“The network spoke to many people about Davies’ credentials. “He wasn’t some rogue operator,” Fager said. “He was the State Department’s security guy.”

      Oh DS, you’ve done it again. Steven didn’t stand a chance.

      11/9/13 1:46 PM | Comment Link

    • pitchfork said...


      quote:”I think that Blue Mountain was “hired” by the CIA, who really ran the Benghazi operation.”unquote

      Naw? Really? Whudda thunk.

      I smell a rat, and I bet his name is..ummm.. nevermind.

      quote”Payment was made through State to create the cover paper trail, and State is all smug with itself claiming that technically speaking it never “hired” Blue Mountain.”unquote

      Yeah..technically speaking of course.

      Speaking of the Cee Eye Eh, and “COVERS”, ya know Peter, day after day, I try to dig deeper to understand how we’ve arrived where we are, especially in regards to the NSA. Yesterday, after reading about the latest Congressional attempt to “reign in” the NSA, jokes notwithstanding, there was something in the language in the bill that was so mindboggling, I decided to look up the original “Acts” that created the NSA and CIA. Ha!(insert rolling eye smiley). Little did I know.

      I started with the Central Intelligence Act of 1947. I wish I would have had access to this information 40 years ago. Shame on me. NOW, I’m beginning to understand. Holy Mother of James Bond.

      If anything, I believe now a legal “coup” of some kind has taken place.

      Reason is..how Congress could actually write a law that says things like this….(excuse the long post please)

      (g) Exemption from certain requirements

      The Director of the Central Intelligence Agency may exempt a designated employee from mandatory compliance with any Federal regulation, rule, standardized administrative policy, process, or procedure that the Director of the Central Intelligence Agency determines—

      (1) would be inconsistent with the nonofficial cover of that employee; and

      (2) could expose that employee to detection as a Federal employee.
      (h) Taxation and social security
      (1) In general

      Notwithstanding any other provision of law, a designated employee—

      (A) shall file a Federal or State tax return as if that employee is not a Federal employee and may claim and receive the benefit of any exclusion, deduction, tax credit, or other tax treatment that would otherwise apply if that employee was not a Federal employee, if the Director of the Central Intelligence Agency determines that taking any action under this paragraph is necessary to—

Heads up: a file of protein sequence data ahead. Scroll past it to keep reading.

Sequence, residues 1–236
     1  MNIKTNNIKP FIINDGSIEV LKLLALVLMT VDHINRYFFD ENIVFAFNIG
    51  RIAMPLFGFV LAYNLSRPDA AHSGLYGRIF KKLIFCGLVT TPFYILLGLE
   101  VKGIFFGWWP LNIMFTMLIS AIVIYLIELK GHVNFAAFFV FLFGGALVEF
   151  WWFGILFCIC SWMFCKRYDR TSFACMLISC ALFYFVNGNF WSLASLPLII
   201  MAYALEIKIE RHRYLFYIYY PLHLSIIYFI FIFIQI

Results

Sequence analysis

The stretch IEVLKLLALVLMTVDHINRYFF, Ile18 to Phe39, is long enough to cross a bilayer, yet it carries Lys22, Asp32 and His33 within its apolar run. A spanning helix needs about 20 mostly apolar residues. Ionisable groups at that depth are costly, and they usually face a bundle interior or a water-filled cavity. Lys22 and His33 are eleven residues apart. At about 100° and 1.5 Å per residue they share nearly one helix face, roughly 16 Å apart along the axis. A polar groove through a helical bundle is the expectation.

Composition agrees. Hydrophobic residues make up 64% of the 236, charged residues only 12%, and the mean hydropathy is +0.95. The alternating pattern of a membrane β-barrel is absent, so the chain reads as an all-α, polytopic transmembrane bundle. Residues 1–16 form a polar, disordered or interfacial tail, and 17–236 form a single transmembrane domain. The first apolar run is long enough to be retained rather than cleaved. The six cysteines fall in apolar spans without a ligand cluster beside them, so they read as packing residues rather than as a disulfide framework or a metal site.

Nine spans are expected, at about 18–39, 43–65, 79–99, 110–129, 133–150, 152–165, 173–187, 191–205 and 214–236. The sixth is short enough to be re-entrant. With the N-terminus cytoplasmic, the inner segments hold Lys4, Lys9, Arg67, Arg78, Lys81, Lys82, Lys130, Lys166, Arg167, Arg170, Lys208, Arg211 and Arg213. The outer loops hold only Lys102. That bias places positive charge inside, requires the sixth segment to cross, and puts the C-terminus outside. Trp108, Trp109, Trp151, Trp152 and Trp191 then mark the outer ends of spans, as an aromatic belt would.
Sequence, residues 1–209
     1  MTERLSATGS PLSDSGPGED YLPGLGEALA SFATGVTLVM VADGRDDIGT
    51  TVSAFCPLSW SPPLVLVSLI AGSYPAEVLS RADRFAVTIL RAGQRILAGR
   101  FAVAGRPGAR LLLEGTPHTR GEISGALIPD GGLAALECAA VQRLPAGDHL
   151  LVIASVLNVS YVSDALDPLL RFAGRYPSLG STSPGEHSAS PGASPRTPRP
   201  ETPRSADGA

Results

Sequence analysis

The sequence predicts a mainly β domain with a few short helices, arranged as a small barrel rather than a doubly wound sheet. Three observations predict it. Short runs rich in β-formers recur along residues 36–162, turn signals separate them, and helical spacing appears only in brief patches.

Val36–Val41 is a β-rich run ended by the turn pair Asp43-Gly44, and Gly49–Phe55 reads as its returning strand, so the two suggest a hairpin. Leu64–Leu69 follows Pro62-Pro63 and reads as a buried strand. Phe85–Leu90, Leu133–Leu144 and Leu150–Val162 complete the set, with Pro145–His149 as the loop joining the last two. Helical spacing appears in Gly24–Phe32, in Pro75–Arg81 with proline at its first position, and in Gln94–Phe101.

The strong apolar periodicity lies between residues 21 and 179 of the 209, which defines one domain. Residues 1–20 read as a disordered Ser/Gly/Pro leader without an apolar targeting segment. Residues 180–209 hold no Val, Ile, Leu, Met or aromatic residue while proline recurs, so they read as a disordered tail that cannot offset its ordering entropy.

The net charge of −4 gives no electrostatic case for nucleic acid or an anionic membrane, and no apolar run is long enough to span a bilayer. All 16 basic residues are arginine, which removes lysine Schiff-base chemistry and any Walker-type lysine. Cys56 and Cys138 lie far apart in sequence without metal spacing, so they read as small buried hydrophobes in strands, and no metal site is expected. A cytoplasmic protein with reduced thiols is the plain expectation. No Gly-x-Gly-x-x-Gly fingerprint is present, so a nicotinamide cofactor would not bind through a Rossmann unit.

(i) protect from unauthorized disclosure—

      (I) intelligence operations;

      (II) the identities of undercover intelligence officers;

      (III) intelligence sources and methods; or

      (IV) intelligence cover mechanisms; and

      (ii) meet the special requirements of work related to collection of foreign intelligence or other authorized activities of the Agency; and

      (B) shall receive social security benefits based on the social security contributions made.
      (2) Internal Revenue Service review

      The Director of the Central Intelligence Agency shall establish procedures to carry out this subsection. The procedures shall be subject to periodic review by the Internal Revenue Service.”unquote

      As if those tidbits weren’t enough to boggle my mind, to make a long story short, after 2 hours of burning my brain, I finally reached the final sentence in the Act. This is beyond unbelievable.
      “(j) Finality of decisions

      Any determinations authorized by this section to be made by the Director of the Central Intelligence Agency or the Director’s designee shall be final and conclusive and shall not be subject to review by any court.”unquote


      And here I’ve spent nearly 60 years believing we have a Constitution that enumerates the powers of the three branches of government. My bad.

      Now I understand.

      bartender..leave the bottle.

      11/9/13 1:58 PM | Comment Link

    • pitchfork said...


      ps..this shit makes “Homeland” look like an utter joke.

      11/9/13 2:05 PM | Comment Link

    • pitchfork said...


      I’m sorry..I just can’t get over this…
      “The Director of the Central Intelligence Agency may EXEMPT a designated employee from MANDATORY COMPLIANCE with ANY Federal regulation, rule, standardized administrative policy, process, or procedure that the Director of the Central Intelligence Agency determines—…”(snip)
      (my bolding)

      No wonder. This story is gonna get weirder by the day. It’s been going on since 1947.

      11/9/13 2:17 PM | Comment Link

    • Rich Bauer said...


      “John Kerry’s frantic bumbling did not create the present situation; it merely added mirth to the funeral preparations.”